Transmission upgrades push electricity prices for residential, commercial customers

Increases projected to be modest, after most recent power auction, but BPU does raise concerns about money utilities are pumping into transmission.

Transmission tower. (Anprocházka/Flickr)

Transmission tower. (Anprocházka/Flickr)

This article originally appeared on NJ Spotlight.

New Jersey residential and small-commercial customers will likely see their monthly electric bills increase slightly this June, a mild reversal of the past few years when prices were relatively stable or dipped because of low natural gas prices.

Nevertheless, New Jersey Board of Public Utility officials described the 19th annual power auction conducted by the agency as an overall success, despite concerns that increasing investments in transmission upgrades are beginning to take a toll on customers.

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“The cost of transmission has been out of hand and has been for a long time,’’ said BPU president Joseph Fiordaliso. “The rate of return is too high,’’ he added, referring to what utilities earn for making those investments.

In the end, three of the four electric utilities will see their residential and small-commercial customers’ bills increase, topped by the state’s biggest utility, Public Service Electric & Gas, whose typical residential customers will see bills climb about 4.4%, or $5.20 more per month. The increases take effect June 1.

Bills from Jersey Central Power & Light, the state’s second-largest electric utility with more than 1 million customers, will increase by 2.4% or by $2.09 a month; typical bills for Atlantic City Electric’s residential customers will rise by 0.3% or 40 cents monthly, while Rockland Electric customers will experience a drop of 1.6%, or $1.89 per month.

Costs for commercial customers

For larger commercial and industrial customers who buy electricity from independent suppliers, costs also will increase when compared to previous years, largely a result of increased demands to supply power from renewable sources and higher costs to provide capacity to keep the lights on.

The boost in bills was largely foreseen by a consultant hired by the BPU who projected rising energy prices could boost costs as well as higher transmission expenses, most evidently seen by PSE&G customers.

“We expected to see higher prices and that’s what we got,’’ said Frank Mossburg, managing director of Bates White, which had been hired by the board to oversee the auction. The higher charges also were caused by lower prices expiring under contracts purchased three years ago in a prior auction.

PSE&G pumps money into transmission

Transmission was a factor in all of the increases, but none more significant than PSE&G, which has been investing huge amounts of capital into transmission upgrades. In a five-year plan outlined last year, it sought to invest $5 billion in transmission upgrades.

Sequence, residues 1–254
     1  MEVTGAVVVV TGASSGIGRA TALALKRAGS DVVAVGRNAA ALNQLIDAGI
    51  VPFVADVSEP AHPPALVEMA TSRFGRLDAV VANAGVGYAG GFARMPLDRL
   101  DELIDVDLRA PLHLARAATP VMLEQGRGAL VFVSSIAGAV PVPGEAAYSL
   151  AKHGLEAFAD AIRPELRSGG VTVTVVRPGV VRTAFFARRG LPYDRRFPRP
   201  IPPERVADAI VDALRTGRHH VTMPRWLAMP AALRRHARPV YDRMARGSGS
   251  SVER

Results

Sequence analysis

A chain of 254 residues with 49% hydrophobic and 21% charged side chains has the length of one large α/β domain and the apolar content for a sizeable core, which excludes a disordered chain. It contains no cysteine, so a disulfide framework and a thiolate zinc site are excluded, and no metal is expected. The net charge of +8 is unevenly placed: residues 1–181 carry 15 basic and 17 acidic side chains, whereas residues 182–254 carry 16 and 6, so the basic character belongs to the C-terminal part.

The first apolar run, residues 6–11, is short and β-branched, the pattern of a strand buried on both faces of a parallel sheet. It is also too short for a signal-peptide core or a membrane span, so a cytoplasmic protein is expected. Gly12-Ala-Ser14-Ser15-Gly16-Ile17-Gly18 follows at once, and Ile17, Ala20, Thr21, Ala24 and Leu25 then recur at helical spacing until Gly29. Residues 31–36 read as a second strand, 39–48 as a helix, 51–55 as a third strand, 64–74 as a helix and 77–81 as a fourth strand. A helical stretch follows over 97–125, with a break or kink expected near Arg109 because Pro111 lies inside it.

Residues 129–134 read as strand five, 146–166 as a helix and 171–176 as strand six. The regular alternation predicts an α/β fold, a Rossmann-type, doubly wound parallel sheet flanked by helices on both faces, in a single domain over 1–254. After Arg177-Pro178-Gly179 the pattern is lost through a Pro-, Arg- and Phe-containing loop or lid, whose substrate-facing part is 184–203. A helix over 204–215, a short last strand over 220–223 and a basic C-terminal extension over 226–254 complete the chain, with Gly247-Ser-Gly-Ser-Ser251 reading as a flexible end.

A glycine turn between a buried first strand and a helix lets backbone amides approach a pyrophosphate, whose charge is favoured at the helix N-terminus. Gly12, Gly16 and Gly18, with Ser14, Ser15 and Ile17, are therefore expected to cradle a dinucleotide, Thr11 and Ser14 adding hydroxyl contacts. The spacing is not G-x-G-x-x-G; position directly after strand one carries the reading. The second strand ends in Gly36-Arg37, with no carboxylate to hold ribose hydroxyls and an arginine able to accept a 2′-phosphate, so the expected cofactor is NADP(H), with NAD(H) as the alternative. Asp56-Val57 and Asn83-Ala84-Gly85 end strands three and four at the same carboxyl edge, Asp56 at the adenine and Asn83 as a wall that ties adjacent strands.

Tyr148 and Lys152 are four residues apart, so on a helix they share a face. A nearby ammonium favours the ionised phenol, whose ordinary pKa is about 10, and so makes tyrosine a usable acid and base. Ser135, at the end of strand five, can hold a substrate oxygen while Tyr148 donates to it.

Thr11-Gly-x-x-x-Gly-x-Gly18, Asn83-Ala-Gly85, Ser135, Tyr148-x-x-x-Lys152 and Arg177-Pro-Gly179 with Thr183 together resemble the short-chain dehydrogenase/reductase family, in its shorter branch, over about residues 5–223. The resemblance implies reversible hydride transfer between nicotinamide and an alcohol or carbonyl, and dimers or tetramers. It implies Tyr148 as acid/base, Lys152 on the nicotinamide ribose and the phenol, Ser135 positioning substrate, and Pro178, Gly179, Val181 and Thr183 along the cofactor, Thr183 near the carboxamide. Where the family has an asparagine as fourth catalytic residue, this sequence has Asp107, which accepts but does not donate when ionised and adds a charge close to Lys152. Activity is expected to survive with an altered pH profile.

But PSE&G argued that despite the increase, customers still spend less than they did more than a decade ago.

“Although electric residential bills will increase moderately on June 12 as a result of the auction, the typical residential customers who receive electric and gas from PSE&G are still paying about 30 percent less than they were in 2008,’’ said Michael Jennings, a spokesman for the utility.

Fiordaliso, however, vowed the board would take a serious look at transmission costs without explaining what course of action they may take, other than making filings before the Federal Energy Regulatory Commission, which oversees transmission issues and rates.

“FERC, in my many times, is not sympathetic to the woes of New Jersey,’’ he said.

But how effective those filing will be remains to be seen. “It is unclear what New Jersey plans to do because (rate of) returns have been generally developed by FERC,’’ said Paul Patterson, an energy analyst with Glenrock Associates in New York.

Jeff Tittel, director of the New Jersey Sierra Club, was more skeptical. “After they approved every power line that came before them, they now say they are going to rein them in,’’ he said.

The BPU did not mention this, but ratepayers since last April are also paying a subsidy to all utilities to cover a $300 million subsidy to keep the state’s three nuclear plants open. The facilities are operated by an unregulated subsidiary owned by Public Service Enterprise Group and Exelon Corp.

The state’s new Energy Master Plan, unveiled last month, calls for the BPU to exercise regulatory and increased oversight over transmission upgrades. In part, the plan proposes the state explore nonwire alternatives to expanding the system when upgrades benefit out-of-state consumers instead of New Jersey residents.

BPU Commissioner Upendra Chivukula said that could be achieved by the “grid-of the-future” by focusing on distributed energy generation — facilities that produce power locally — to reduce transmission costs.

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